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Southeastern Louisiana has a lot on its plate when it tackles No. 3 Iowa in the NCAA tournament
At Carver, the NCAA-rookie Lions will face an elite player, a high-scoring offensive machine, a tough 2-vs.-15 history and a crowd like nothing it has experienced all season
As a 10-minute telephone Q&A session wound down Monday afternoon, Ayla Guzzardo had a question of her own:
“How’s the weather up there?”
So Southeastern Louisiana will pack some winter gear for its trip to Iowa City this weekend. The Lions also will haul along some defense.
A heavy underdog, 15-seed Southeastern (21-9) makes its NCAA women’s basketball tournament debut Friday against 2-seed, third-ranked Iowa (26-6).
Tipoff is 3 p.m. at Carver-Hawkeye Arena, shortly after the other first-round game — 7-seed Florida State (23-9) vs. 10-seed Georgia (21-11) — concludes.
“There’s a lot of joy here,” said Guzzardo, in her sixth year as the Lions’ head coach. “We’re really busy, but it’s a good busy.”
Guzzardo has elevated the Lions’ program, which has assembled three consecutive winning seasons. This, though, was their breakthrough.
Southeastern earned an automatic bid by beating Lamar for the Southland Conference tournament title.
The Lions’ identity? That’s easy.
They rank 13th in the nation in scoring defense at 54.5 points per game allowed.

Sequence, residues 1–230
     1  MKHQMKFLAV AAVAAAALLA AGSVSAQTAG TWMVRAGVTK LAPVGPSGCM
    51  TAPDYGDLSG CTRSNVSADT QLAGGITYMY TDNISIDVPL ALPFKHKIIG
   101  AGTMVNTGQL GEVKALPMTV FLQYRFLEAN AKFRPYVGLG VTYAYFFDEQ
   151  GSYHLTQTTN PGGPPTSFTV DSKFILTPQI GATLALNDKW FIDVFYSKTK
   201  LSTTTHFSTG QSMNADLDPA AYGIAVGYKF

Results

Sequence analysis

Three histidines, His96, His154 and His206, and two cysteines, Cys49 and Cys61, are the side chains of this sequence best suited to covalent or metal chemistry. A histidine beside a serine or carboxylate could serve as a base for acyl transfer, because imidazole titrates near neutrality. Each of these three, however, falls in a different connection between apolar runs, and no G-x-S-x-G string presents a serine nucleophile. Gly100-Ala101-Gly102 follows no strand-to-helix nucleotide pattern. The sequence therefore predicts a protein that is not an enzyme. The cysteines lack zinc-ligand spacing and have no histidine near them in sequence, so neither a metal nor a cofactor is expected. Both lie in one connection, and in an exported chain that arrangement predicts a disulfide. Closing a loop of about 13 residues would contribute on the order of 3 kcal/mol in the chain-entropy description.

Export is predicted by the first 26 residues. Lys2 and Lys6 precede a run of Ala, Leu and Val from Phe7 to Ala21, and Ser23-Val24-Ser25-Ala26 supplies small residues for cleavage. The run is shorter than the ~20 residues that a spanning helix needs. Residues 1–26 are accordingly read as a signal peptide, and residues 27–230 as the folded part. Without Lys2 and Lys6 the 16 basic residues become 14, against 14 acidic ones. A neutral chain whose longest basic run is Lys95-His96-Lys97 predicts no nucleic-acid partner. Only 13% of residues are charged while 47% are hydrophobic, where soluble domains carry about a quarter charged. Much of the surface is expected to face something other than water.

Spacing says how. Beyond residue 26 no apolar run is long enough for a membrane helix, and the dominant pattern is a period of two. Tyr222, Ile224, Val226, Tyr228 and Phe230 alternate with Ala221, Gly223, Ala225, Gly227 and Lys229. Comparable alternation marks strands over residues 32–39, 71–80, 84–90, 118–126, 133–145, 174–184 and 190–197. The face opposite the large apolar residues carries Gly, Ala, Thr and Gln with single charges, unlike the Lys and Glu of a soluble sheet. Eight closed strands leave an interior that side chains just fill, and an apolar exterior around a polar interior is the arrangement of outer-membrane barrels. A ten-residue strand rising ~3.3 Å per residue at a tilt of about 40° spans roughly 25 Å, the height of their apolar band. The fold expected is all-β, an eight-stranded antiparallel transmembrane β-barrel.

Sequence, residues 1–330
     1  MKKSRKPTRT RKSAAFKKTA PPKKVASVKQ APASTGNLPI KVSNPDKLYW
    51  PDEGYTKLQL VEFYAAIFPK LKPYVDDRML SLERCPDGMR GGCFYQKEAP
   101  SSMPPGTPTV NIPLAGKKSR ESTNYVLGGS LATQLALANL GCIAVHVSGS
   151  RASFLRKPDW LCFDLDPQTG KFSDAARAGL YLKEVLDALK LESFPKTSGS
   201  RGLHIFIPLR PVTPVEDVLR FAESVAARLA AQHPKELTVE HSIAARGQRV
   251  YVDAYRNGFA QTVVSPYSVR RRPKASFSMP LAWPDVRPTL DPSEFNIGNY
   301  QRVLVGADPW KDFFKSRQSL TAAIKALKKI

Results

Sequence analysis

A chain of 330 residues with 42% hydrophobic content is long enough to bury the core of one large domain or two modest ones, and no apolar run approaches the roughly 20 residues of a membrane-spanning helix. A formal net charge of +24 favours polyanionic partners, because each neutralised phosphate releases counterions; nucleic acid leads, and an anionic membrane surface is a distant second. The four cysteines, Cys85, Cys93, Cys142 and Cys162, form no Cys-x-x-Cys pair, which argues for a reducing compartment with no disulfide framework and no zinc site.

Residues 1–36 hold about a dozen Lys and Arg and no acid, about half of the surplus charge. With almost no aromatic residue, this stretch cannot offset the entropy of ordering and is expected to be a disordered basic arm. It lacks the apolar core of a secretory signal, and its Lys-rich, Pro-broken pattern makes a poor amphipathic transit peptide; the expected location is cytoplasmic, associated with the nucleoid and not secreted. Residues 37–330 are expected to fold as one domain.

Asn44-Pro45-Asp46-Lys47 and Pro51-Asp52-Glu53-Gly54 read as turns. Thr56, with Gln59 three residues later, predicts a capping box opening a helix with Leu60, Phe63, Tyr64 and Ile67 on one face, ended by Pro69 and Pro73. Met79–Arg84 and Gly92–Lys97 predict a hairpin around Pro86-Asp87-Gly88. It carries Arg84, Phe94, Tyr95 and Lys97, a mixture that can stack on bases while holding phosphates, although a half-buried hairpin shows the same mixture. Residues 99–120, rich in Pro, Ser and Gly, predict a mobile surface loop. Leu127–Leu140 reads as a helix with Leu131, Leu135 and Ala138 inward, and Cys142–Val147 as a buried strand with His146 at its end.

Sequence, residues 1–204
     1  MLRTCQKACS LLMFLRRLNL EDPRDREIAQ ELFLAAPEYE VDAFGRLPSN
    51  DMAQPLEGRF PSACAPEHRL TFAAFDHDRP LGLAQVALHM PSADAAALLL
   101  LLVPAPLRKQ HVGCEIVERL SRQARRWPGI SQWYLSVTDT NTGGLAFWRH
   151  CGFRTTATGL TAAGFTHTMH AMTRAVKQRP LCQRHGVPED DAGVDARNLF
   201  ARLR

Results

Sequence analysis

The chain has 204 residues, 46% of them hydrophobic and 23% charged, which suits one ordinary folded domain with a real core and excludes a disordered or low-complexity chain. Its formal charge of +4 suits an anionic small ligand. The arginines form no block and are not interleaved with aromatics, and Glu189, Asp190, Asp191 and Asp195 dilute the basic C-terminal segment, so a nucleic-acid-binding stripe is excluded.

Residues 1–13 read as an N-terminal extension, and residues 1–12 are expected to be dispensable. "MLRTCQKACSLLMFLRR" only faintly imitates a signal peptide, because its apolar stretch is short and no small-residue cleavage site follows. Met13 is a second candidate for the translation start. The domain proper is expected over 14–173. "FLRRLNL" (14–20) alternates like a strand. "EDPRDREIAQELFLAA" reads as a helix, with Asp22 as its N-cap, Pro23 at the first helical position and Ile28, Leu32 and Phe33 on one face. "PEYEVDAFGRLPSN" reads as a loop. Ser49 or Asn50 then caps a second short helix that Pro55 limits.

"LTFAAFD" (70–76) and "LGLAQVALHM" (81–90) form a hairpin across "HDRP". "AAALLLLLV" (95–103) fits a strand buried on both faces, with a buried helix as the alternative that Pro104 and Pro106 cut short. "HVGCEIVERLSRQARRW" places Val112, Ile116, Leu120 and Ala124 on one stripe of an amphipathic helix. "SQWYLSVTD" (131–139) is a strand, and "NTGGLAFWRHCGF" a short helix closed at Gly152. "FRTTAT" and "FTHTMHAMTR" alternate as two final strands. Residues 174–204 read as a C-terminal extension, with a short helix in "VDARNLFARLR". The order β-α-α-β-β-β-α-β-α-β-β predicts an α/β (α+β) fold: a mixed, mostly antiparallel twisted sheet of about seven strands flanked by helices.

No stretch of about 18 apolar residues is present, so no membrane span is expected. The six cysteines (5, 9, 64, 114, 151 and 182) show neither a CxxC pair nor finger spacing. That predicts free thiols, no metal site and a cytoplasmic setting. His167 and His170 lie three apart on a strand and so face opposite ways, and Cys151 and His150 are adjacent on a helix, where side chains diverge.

“We have a very defensive mindset,” Guzzardo said. “From perimeter to post, we try to pick up 94 feet, and make everything tough.
“That’s the type of kids we recruit.”
Now, how tough can the Lions make it for the Hawkeyes? Iowa is No. 1 nationally in scoring at 87.5 points per game.
“When you talk about Iowa, you can’t go without talking about Caitlin Clark,” Guzzardo said. “The things she can do with the basketball ... her ability to see the whole court. Her range is unbelievable.”
The Lions are opposing Clark. And history. Since the tournament was expanded to 64 teams in 1994, 15-seeds are 0-112 against 2-seeds.
“We’ve got to lock in and play the type of defense we’re capable of,” Guzzardo said. “On offense, we’re looking for layups and free throws. We’ve got to take advantage of opportunities when they’re there.”
Junior guard Hailey Giaratano was a second-team all-Southland selection. She averages a team-best 12.4 points per game; Alexius Horne, another junior guard, is next at 12.0 ppg.
At a sold-out Carver, the Lions will be facing a crowd of 14,382. Only once — at LSU on Nov. 29 — have they played in front of more than 2,000 people.
Southeastern’s average home attendance this season was 440.
“You talk about atmosphere, this is the kind of thing you want to be a part of,” Guzzardo said. “They’ll never forget this.”